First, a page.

On March 31, 2023, Judge Paul Crotty of the United States District Court for the Southern District of New York dismissed certain coordinated putative securities class actions asserting claims under the Securities Exchange Act of 1934 against two prime brokers after the collapse of a client family office affected stock prices of various publicly traded companies. Chew King Tan v. Goldman Sachs Grp. Inc., No. 21-cv-8413, slip op. (S.D.N.Y. Mar. 31, 2023). Plaintiffs alleged that defendants engaged in insider trading by using their knowledge of the family office's financial condition to sell shares of certain companies in which the family office held concentrated interests before the price of those shares collapsed. The Court held that plaintiffs failed to establish insider trading either on a theory that defendants misappropriated material non-public information or on a tipper/tippee theory. However, the Court granted plaintiffs leave to file an amended complaint.

Plaintiffs' allegations arose from the family office's use of total return swaps ("TRS") with various counterparties, including defendants, through which the family office was able to amass extremely concentrated positions in certain issuers without actually holding those shares on its books and, therefore, without having to publicly disclose its positions. Id. at 3. Instead, defendants held the shares that were the subject of the TRS and also purchased additional shares of the same issuers as a hedge. Id. When the price of certain shares declined, the family office was unable to cover its losses and allegedly notified certain counterparties, including defendants, in an unsuccessful effort to forestall the counterparties' declaring the family office to be in default under their agreements. Id. at 6. Defendants then terminated their agreements, issued notices of default, and executed large block trades in connection with terminating the swaps and executing the associated hedges. That allegedly created further downward pressure on certain of the issuers' stock prices. Id.

Plaintiffs first alleged that defendants breached a duty to the family office by misappropriating material non-public information ("MNPI") regarding the family office's imminent financial collapse. For purposes of the motion to dismiss, defendants did not dispute that they possessed MNPI and traded upon it; rather, they argued only that there was no breach of fiduciary duty. Id. at 10–11. The Court explained that it did not need to decide whether defendants owed a duty of confidentiality to the family office because, even if they did, plaintiffs had "failed to allege a deceptive or manipulative device ... by which [d]efendants committed a fraud upon the [family office]." Id. at 12. The Court noted in this regard that a large amount of the stock at issue was TRS-related collateral that defendants had a contractual right to sell. Id. at 13. As for the remainder—the shares held as hedges—the Court held that plaintiffs failed to point to a single trade where defendants did not disclose the trade to the family office. Id. Moreover, the Court determined that when defendants issued default notices, the family office "was assuredly on notice that [defendants] intended to trade on the MNPI." Id. at 15.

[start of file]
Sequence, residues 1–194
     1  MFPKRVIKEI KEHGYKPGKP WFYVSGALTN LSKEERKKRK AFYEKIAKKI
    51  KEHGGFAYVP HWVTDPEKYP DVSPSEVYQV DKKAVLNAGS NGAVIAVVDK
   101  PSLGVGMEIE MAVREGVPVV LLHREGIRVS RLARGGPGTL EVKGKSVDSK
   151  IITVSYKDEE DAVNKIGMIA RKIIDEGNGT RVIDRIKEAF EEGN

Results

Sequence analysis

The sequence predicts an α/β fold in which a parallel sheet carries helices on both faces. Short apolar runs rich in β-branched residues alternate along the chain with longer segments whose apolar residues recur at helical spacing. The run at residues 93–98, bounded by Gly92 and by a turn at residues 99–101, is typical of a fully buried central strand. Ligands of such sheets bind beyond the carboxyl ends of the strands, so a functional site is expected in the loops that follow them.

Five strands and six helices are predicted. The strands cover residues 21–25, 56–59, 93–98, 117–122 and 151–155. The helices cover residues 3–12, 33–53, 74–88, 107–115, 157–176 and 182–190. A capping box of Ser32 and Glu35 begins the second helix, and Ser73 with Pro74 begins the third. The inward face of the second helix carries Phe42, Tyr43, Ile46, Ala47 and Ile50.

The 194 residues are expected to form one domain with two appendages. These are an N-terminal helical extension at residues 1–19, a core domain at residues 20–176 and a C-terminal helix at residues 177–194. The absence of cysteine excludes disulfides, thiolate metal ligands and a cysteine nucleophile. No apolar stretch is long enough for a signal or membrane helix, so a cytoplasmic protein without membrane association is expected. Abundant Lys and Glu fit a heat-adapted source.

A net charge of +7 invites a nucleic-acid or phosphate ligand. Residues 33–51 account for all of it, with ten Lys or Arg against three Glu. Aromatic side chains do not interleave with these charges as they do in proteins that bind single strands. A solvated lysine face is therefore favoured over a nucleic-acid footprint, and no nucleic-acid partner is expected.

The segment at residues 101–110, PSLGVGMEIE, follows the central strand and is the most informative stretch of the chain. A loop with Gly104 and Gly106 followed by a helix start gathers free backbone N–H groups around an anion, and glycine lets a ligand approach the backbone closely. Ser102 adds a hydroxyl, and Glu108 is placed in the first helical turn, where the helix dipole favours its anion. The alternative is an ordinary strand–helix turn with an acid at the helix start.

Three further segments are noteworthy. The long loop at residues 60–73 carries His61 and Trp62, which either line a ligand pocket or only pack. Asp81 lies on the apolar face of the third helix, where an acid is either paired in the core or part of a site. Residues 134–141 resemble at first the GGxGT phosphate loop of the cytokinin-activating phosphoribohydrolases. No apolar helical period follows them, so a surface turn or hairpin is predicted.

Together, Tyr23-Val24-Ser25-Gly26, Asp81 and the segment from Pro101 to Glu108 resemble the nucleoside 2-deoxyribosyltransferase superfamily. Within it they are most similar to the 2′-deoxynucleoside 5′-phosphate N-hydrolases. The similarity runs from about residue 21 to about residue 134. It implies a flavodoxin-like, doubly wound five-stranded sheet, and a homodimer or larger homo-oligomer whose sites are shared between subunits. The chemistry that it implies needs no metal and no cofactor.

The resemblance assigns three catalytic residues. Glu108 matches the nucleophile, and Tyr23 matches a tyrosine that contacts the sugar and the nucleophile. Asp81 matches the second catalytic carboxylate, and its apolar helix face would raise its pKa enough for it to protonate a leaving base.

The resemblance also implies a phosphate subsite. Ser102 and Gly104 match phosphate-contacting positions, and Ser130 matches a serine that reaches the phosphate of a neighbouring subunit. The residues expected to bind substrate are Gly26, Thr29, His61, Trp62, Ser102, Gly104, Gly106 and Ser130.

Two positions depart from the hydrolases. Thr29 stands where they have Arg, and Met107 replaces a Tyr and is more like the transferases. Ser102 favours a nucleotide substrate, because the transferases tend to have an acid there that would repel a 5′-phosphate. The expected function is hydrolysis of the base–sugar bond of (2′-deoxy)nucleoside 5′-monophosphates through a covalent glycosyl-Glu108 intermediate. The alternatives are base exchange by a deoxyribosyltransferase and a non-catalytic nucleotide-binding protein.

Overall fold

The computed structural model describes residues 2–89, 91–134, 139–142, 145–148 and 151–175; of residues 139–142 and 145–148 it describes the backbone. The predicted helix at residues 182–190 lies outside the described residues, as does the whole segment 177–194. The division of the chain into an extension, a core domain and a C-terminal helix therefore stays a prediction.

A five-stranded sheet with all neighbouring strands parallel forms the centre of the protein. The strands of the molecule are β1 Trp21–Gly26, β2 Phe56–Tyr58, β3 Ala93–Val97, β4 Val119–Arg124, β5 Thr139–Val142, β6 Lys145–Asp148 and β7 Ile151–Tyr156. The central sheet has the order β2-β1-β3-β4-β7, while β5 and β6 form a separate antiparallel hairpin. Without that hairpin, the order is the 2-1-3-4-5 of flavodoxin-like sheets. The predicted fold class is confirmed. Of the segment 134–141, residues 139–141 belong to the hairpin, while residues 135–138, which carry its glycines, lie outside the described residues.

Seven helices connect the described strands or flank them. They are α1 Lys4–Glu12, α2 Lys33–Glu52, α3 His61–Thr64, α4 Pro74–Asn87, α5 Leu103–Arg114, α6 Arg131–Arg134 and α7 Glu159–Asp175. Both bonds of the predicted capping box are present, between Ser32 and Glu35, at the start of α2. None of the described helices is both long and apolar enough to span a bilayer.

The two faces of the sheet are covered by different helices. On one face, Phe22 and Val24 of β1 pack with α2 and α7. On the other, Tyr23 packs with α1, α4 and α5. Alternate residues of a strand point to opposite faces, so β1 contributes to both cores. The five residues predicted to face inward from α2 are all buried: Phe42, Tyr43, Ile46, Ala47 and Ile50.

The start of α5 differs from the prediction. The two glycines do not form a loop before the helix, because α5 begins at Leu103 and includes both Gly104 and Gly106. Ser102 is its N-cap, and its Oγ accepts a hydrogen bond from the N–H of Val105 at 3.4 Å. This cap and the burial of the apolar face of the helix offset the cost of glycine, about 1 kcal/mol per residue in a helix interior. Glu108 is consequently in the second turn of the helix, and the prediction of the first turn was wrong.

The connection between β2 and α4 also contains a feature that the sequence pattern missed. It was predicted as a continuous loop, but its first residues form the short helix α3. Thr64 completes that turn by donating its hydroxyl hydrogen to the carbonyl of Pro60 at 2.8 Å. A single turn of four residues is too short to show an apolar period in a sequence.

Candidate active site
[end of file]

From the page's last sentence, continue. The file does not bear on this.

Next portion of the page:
The Court also rejected plaintiffs' alternative theory of insider trading based on tipper/tippee liability. Although the Court determined that it was "plausible" that the family office should be deemed an insider because of the level of control it had over certain stocks (which amounted to the possession of MNPI regarding the price of those stocks), the Court held that plaintiffs' theory failed because plaintiffs did "not even attempt to allege that [the family office] shared this information to seek a personal benefit [for itself]." Id. at 17. The Court noted that, in fact, the complaint alleged that the family office expected defendants not to trade on the information but to refrain from trading. Id. at 18.

The Court further held that plaintiffs' claims under Section 20A and 20(a) of the Exchange Act were deficient not only for failure to allege a primary violation, but for other reasons as well. With respect to Section 20A, the Court held that plaintiffs failed to allege that they themselves traded "contemporaneously" with defendants and, in fact, alleged that they only purchased shares before the alleged insider trading. Id. at 19. Further, the Court explained that Section 20(a) control-person liability requires that plaintiffs show "a primary violation by the controlled person and control of the primary violator by the targeted defendant." Id. at 20-21 (emphasis in original). The Court held that plaintiffs failed to allege any specific employee of defendants traded on MNPI and that they did not connect their generalized allegations that "[defendants] as entities conducted these schemes" to any employees named in the complaint. Id. at 21 (emphasis in original).

Chew King Tan v. Goldman Sachs Grp. Inc.

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